Hey Kids! Remember Me?!

Yeah. Me neither.

There’s been a lot happening in my life since the last update. First, I spiraled into a world of hurt and depression and anxiety to the point where I wanted to end my life. The dark times were longer, the up times were shorter and dimmer, and I honestly thought that this was it.
Then I saw Dr. Patel. He’s the psychologist at the clinic where I see my therapist. My friend works there and arranged a meeting. Dr. Patel was very thorough with his questions about me and my depression. He asked me if I’d taken anything before and I replied yes and it nearly killed me. He prescribed venlafaxine and I’ve been taking it since April.

That first two weeks was, well, I didn’t know life could be like that. I had no idea how many thoughts, negative thoughts, were going through my head at all hours until they stopped. For the first time in my life there was silence. Blissful, long sought silence. I still got depressed, but instead of lasting weeks or a month or more, it was about two days of sadness and self pity. Then I pulled myself out of it.

The next meeting with Dr. Patel went well. He asked about the depression and I explained how short the bouts were now.
“That’s fantastic! What if I told you we could get rid of those two days?”
I jumped at it.
We upped my dosage from 37.5 to 75. I haven’t been depressed in a month and it’s been amazing. I haven’t had anxiety in a month and it’s wonderful. Sadness? REAL sadness? Like the sadness of losing my father? Yeah. That’s still there, but that’s legitimate sadness. That huge lump of self hatred I’ve been carrying my whole life? Mostly gone. All that’s left are habits and old thought patterns to be disrupted.

So all that being said, I guess I’m back to blogging to chronicle the process of healing and about the things I fill my life with now.

It’s good to be back.

Headaches

When I was a kid I would get these headaches. Today we’d call them migraines. Back then we called them BAD headaches. I don’t remember hearing the word migraine until after they’d stopped. Imagine a kid, doesn’t have to be me, about five years old with a headache so bad they can’t stop crying. I remember waking up with these things and that would be it for the day. I’d lay in a dark room with a cold wet rag on my forehead and every now and then I’d have enough presence of mind to moan like a lost soul at sea. No school. No TV. No noise. Nothing ever seemed to work on them either. No form of painkiller would help.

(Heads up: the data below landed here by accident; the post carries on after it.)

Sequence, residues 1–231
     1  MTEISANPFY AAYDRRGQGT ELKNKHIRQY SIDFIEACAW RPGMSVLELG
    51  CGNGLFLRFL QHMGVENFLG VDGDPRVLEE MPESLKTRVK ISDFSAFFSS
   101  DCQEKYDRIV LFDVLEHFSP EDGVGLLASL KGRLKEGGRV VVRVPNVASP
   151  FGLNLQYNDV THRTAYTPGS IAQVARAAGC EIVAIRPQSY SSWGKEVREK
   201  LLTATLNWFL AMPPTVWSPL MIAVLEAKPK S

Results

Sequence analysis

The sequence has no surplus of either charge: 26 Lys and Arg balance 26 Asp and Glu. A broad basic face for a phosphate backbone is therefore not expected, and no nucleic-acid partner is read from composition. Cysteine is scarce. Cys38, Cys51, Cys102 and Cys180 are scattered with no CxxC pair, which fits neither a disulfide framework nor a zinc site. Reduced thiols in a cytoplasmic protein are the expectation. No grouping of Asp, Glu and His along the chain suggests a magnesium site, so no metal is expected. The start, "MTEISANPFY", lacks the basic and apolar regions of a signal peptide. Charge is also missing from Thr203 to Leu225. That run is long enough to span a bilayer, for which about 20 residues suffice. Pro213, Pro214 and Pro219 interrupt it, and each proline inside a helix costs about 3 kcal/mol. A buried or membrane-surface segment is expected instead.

This continued from my early childhood till I was about ten years old.

After a few doctor’s visits and x-rays all paid for by my dad’s insurance it was discovered that the holes in my sinuses were too small. Basically, they weren’t draining enough and the pressure was making my life miserable. We eventually decided to have an operation done to widen those passages. I remember getting up at 5 in the morning and, fittingly, I had one of those headaches. I was miserable on the ride up to the hospital where my dad worked and the prep for surgery didn’t help. My most vivid memory was of laying on the operating table as they gave me anesthetic.

“I’m going to countdown from ten, Kevn. Talk to me till you can’t.”

“Ok.”

My eyes get super watery at this point.

“I feel sleepy. . . biscuit. . .”

And that’s all she wrote. I woke up some time later with an oxygen mask on and Gomer Pyle on television. I barely remember pulling the mask off as soon as possible because I thought someone was trying to suffocate me. They told me they’d gone ahead and removed my tonsils and adenoids while they were in there and flushed my sinuses after the widening. I think that may have been the first time I’d ever been completely headache free in my life.

So now I’m an adult. I still get headaches and occasionally they’re as bad as the ones I remember. These aren’t nearly as terrible though. An Aleve or Advil or something and I can knock them out. But sometimes, on weekdays when I’m at home and my head starts hurting, I remember those long quiet days in the dark with my parents in the front room worrying for their son and I feel a bit better knowing those days are gone.